NIGERIA - Could the sleeping giant be about to stir?
Those who claim to be in the 'know' in Nigerian cricket will tell you it is not unlike the country's resource rich economy - latent with potential but so far yet to show.
While under-utilisation of the country's economic resources is genrally attributed to internal management, there are national team members who say they can easily identify the reason for any perceived lack of progress in Nigerian cricket.
"Up to the early '80s cricket had a very good grass root/developmental platform. But since then basically due to Nigeria's inability to get ICC status the sponsorship dried out. Most schools could no longer afford to fund the game. And government involvement was minimal at best," national player, Femi Olayiwole said last week.
It is this single issue which passionate Nigerian cricketers such as Olayiwole point to as the most significant reason for Nigerian cricket's perceived lack of progress.
Playing under the banner of the West Africa Cricket Conference, of which Nigeria was a foundation member on its 1975 admission to the then International Cricket Conference, has according to Olayiwole and others, robbed Nigerian cricket the benefits associated with individual Associate membership.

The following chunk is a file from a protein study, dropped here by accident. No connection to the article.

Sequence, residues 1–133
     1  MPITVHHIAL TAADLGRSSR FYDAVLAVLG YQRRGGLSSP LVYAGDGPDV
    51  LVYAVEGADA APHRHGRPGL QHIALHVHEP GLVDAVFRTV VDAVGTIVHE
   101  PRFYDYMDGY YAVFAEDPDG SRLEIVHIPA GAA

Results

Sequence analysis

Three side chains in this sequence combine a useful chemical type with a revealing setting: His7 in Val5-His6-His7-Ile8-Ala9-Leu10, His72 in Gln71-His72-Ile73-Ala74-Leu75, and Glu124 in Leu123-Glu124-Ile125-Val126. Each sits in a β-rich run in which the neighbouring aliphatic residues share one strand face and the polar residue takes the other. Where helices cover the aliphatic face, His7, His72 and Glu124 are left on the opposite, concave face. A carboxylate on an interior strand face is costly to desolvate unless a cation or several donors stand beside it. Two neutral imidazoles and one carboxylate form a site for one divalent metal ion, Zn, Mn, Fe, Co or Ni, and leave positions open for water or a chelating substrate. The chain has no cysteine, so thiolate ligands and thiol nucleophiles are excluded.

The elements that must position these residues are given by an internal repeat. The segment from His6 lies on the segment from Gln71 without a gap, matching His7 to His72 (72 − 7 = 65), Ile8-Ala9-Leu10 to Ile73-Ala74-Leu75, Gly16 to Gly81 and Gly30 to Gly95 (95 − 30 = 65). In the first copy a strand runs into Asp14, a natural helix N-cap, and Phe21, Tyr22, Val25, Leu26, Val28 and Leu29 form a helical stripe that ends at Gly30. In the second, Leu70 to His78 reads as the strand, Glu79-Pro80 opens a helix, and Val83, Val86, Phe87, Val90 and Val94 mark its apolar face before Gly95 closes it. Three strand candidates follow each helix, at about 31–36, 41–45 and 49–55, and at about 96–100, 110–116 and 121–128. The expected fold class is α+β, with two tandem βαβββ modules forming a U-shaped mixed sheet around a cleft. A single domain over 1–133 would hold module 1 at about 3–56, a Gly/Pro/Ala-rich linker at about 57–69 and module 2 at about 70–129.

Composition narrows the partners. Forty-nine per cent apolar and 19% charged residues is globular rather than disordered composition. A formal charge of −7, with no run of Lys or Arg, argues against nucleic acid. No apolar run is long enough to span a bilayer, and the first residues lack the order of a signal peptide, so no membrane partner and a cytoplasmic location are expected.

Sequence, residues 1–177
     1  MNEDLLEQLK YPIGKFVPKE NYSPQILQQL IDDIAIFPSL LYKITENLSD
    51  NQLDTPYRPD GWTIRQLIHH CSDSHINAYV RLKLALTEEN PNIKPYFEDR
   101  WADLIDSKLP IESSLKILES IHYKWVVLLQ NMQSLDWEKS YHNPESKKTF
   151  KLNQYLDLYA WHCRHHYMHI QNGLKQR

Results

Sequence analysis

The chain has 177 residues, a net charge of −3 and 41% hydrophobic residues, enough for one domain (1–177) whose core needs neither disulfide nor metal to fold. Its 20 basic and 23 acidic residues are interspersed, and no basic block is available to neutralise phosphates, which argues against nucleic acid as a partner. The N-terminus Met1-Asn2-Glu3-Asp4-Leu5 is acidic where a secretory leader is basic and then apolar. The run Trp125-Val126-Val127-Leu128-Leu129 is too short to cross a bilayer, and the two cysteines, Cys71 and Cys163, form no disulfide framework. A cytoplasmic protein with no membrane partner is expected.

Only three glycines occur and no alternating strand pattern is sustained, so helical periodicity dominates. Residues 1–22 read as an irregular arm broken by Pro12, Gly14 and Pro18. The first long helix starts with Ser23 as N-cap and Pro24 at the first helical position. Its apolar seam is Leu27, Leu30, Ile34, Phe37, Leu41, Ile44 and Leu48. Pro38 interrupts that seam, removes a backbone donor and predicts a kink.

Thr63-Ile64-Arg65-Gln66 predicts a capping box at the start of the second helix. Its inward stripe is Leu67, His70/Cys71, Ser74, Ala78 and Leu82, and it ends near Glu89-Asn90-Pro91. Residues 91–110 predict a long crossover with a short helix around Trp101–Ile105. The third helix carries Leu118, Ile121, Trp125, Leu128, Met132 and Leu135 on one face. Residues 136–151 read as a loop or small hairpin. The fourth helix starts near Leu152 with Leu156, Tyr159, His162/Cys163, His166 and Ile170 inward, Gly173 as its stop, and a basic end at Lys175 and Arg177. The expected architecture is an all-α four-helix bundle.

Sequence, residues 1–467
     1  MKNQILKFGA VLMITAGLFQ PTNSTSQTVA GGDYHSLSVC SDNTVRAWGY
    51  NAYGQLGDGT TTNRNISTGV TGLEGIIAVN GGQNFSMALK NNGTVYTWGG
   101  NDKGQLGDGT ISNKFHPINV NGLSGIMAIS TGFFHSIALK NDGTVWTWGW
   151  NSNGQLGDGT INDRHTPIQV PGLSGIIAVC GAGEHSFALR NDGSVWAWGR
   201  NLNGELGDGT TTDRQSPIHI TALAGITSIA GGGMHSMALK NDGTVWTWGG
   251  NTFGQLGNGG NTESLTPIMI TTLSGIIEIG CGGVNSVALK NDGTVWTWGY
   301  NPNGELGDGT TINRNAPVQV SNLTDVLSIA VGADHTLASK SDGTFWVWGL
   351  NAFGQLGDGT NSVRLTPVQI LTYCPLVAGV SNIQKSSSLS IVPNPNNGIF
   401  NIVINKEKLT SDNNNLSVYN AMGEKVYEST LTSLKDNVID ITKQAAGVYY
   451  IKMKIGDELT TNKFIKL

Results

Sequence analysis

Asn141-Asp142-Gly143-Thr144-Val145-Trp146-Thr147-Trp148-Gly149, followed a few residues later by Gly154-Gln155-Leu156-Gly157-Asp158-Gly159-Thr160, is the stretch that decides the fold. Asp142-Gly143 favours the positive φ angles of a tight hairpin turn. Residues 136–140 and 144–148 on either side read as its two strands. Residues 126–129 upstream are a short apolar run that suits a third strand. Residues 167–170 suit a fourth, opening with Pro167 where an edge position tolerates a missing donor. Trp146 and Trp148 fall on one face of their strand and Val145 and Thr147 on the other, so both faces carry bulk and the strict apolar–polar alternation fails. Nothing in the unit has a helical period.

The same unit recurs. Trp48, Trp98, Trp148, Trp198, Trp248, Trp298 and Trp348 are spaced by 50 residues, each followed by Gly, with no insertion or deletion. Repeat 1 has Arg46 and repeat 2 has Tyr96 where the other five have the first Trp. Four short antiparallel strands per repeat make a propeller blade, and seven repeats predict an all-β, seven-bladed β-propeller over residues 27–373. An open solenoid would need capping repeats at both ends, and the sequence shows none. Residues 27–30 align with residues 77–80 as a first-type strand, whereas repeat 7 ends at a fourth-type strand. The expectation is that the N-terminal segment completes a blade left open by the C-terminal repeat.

It is a membership which on raw talent, Nigeria should have no trouble attaining.
People such as Olayiwole proudly boast that the national team enjoys 95% indigenous membership, while black Nigerians also contribute 90% of the country's club cricketers. The non-indigenous players include Britons, Indians and Sri Lankans, while the Australian High Commission occasionally fields a team.
Prior to the last WACC Championship in 1998, Nigeria had won the previous 10 West African titles.
And it is a stand-alone national team which Nigerians hope will help slow the geographical contraction of Nigerian cricket.
Nigeria has 31 provinces/states of which 11 have a cricketing presence.
Broadly speaking, there are four cricketing regions - North, East, West and South West.